Prove your humanity

State senators are weighing the risks and benefits of Pennsylvania joining a regional cap-and trade-program targeting greenhouse gases.

The Senate Environmental Resources and Energy committee on Tuesday invited regulators, industry representatives, and environmental advocates to talk about the Regional Greenhouse Gas Initiative (RGGI). 

The hearing came the day after Governor Tom Wolf granted a six-week extension for his administration to draft a plan to join the effort. Under his initial timeline, the draft plan was to go before the Environmental Quality Board for a vote in July.

Secretary of Environmental Protection Patrick McDonnell said his department will use the time to address feedback, reach out to affected communities, and strengthen the proposed regulation before it goes up for public comment. 

Supporters and Opponents of Cap-and-Trade

Under RGGI, power plants have to pay for the carbon dioxide they emit.

Opponents at the Senate hearing said that will push coal-fired generators out of the state, killing Pennsylvania coal jobs prematurely and hurting surrounding communities. 

“Reducing CO2 via RGGI is a great talking point but it doesn’t actually reduce CO2, it merely shifts the generation to other states that do not tax,” said Rachel Gleason, executive director of Pennsylvania Coal Alliance.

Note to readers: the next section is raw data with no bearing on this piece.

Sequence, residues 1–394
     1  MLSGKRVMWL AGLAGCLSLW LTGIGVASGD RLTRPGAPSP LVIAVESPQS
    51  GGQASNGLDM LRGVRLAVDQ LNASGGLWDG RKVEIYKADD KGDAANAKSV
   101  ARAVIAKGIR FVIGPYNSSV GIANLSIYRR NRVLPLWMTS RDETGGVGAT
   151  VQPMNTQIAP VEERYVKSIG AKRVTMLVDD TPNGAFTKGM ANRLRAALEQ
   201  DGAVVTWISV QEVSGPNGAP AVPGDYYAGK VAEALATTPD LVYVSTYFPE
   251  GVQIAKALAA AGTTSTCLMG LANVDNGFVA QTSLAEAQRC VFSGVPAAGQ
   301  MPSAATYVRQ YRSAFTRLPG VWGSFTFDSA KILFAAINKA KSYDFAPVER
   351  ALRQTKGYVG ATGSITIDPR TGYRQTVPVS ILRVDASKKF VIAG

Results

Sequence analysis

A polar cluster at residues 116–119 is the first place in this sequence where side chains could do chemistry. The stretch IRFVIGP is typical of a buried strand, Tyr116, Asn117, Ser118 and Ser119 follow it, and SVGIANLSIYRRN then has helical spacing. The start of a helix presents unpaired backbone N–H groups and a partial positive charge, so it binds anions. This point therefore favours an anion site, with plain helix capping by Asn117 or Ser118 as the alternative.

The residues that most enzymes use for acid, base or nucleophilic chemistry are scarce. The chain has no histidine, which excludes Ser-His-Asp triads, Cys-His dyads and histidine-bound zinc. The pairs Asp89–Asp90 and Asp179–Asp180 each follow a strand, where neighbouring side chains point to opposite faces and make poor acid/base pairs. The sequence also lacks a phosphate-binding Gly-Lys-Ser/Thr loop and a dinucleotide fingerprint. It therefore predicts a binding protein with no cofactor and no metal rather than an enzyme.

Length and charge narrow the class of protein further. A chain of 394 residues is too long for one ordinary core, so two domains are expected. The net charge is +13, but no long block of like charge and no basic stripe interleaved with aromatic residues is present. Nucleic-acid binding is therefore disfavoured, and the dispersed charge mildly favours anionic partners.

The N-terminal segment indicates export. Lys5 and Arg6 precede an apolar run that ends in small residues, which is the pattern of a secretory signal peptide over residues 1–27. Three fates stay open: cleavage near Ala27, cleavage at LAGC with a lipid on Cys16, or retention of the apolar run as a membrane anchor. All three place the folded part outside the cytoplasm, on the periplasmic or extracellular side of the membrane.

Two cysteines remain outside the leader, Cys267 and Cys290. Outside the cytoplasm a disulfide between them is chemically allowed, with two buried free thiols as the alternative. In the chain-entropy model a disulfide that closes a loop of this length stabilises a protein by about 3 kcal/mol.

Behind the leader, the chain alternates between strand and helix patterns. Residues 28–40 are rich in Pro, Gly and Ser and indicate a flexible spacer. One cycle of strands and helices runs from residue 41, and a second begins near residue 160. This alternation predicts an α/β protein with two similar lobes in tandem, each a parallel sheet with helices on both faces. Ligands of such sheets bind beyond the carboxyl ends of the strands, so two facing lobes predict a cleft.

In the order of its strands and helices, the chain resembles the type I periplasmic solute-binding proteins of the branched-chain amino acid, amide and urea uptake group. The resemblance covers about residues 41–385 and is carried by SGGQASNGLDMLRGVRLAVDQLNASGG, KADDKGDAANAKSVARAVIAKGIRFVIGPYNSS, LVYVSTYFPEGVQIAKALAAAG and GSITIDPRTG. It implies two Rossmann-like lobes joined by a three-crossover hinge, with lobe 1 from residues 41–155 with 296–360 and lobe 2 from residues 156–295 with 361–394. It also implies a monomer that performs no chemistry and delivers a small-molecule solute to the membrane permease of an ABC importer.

Supporters said joining is necessary to help cut emissions and prevent the worst effects of climate change.

Tom Schuster, who directs the Clean Energy program for the Pennsylvania Chapter of the Sierra Club, said while RGGI would speed up coal’s decline, it would also bring in money that the state wouldn’t see otherwise. 

“A significant portion of that can and should be invested in ways that help diversify local economies and employ workers in areas where power plants retire,” he said.

Coal Shrinks No Matter What

DEP projections show that, regardless of whether the state joins RGGI, Pennsylvania’s reliance on coal will shrink from 47 percent of its electricity portfolio in 2010 to barely 1 percent in 2030 because of a market that favors cheaper natural gas.

“I’d much rather take 10 years than 18 months,” said Senator Joe Pittman (R-Indiana). He said the conversation around RGGI is already causing disinvestment in his district, which is home to three coal-fired power plants. 

Pittman is sponsoring a bill that would require legislative approval for Pennsylvania to participate in RGGI, one of a few measures in the General Assembly aiming to stop the process.

The governor is trying to join RGGI through executive order

Pennsylvania is the fourth largest greenhouse gas emitter in the country. DEP estimates RGGI participation will prevent 180 million tons of carbon emissions between 2022 and 2030.

This story is produced in partnership with StateImpact Pennsylvania, a collaboration among The Allegheny Front, WPSU, WITF and WHYY to cover the commonwealth's energy economy.